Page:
Editorial Cartoon by Graeme MacKay, The Hamilton Spectator – Saturday February 15, 2020
Sidewalk snow clearing debate demands action
Hamilton’s sidewalk snow removal controversy isn’t going away any time soon. In part, that’s because of an aging population who understand at a visceral level that mobility isn’t something to take for granted.
Being able to move around freely outside your home isn’t a frill. Whether for people who have age-related mobility issues, need wheelchairs or have babies in strollers, it’s a critical part of living a healthy and independent life. And that lifestyle can make the difference between remaining independent or falling into a cycle of increasing infirmity, which ultimately leads to losing that precious independence.
And this isn’t a only “soft” issue about quality of life. It’s also a bottom line issue. People who lose the ability to live independently require intervention and sometimes supported housing. And we have a huge problem with long-term care capacity.
In short, there is value on many levels in support of investing in measures to help people remain independent. Year round, not just in spring, summer and fall.
But how should that manifest itself? This week city council directed staff to investigate the matter of sidewalk snow removal. We don’t know what they’ll come back with, but from our perspective there are three potential areas worth consideration.
One is the idea of the city taking on snow clearing on all public sidewalks — all 2,445 kilometres of them. The estimated cost of that could reach $5.36 million. It is clearly the most socially progressive option. But is it practical, and would it be effective? City staff say it would cost $15 per household based on the average property value assessment. The average Hamilton homeowner can afford $15 annually. But put that together with an estimated 3.5 per cent tax increase and user fees increasing across the board plus increased taxes driven by property value reassessment, and it’s clear many taxpayers would not support that option. They’d say it’s just another straw on the camel’s back. And many residents of neighbourhoods that don’t even have sidewalks would certainly balk.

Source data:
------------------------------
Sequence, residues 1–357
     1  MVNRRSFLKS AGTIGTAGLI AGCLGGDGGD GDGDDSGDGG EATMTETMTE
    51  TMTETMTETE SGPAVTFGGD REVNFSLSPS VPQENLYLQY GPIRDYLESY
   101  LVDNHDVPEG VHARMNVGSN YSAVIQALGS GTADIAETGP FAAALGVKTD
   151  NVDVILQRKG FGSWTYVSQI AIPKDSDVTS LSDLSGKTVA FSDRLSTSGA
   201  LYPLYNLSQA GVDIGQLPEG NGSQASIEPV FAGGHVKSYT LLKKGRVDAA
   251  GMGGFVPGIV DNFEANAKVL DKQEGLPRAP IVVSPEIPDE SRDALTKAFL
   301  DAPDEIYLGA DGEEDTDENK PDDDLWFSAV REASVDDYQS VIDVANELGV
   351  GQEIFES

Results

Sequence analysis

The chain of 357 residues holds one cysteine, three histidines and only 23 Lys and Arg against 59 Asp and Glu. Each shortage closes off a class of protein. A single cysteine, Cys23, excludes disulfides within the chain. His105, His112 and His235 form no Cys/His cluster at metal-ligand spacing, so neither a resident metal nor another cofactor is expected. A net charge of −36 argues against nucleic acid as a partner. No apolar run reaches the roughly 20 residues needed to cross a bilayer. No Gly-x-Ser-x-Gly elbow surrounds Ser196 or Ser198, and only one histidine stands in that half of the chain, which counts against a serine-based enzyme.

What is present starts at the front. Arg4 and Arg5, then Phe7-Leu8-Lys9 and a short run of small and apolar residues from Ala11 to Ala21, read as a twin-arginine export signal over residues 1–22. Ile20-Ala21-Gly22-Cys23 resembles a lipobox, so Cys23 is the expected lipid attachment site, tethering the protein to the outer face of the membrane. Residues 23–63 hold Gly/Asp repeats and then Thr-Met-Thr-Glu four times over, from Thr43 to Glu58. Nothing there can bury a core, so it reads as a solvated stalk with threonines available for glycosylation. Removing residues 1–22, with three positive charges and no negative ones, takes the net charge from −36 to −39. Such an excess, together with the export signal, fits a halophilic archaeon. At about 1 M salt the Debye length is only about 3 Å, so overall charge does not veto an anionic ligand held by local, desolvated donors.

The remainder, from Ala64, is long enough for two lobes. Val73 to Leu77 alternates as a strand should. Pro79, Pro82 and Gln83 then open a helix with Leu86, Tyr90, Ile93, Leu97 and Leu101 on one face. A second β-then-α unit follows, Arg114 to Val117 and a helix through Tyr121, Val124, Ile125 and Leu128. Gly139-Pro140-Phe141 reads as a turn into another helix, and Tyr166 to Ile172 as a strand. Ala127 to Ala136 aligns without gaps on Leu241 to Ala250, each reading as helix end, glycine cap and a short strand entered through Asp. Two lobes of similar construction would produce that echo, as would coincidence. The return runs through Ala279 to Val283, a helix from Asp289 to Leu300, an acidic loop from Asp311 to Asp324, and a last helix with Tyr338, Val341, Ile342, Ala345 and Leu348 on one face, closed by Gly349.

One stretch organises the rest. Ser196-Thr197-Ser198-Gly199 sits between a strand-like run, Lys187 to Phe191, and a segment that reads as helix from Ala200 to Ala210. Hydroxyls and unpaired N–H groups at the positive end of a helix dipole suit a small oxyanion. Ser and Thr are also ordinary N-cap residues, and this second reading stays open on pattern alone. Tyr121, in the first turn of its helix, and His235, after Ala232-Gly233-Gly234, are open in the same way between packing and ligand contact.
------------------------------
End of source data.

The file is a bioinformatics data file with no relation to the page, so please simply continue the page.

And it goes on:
What about a partial solution where main thoroughfare sidewalks and those in designated high traffic areas were cleared? More affordable for sure, but there remains the question of how quickly the city (or contractors) could get certain or all sidewalks cleared. If it’s not very quick either of these two scenarios could prove ineffective. In Burlington, sidewalks are cleared within 24 hours, but when there’s significant snow it can take up to 72 hours. In Toronto, main downtown sidewalks get cleared but not neighbourhood sidewalks.
Another partial solution is less complex. Hamilton should toughen up its existing bylaw that penalizes scofflaw homeowners who don’t clear their sidewalks. The current reporting system results in slow and inconsistent service. Beef it up. Ensure there are enough bylaw staff to respond in 24 hours. If snow and ice are not cleared, have contractors do the work and bill the homeowners, and build in a little markup which the city could use to fund other sidewalk snow clearing measures.
Most homeowners and tenants are responsible and do the right thing. We should not hesitate to come down hard on those who do not. They’re jeopardizing public safety and showing disrespect for their neighbours, most of whom look out over clear sidewalks.
Whatever else happens, the city should toughen up on those who refuse to do the right thing. It’s likely that the only people who would not support that are the ones who are part of the problem. (Hamilton Spectator Editorial)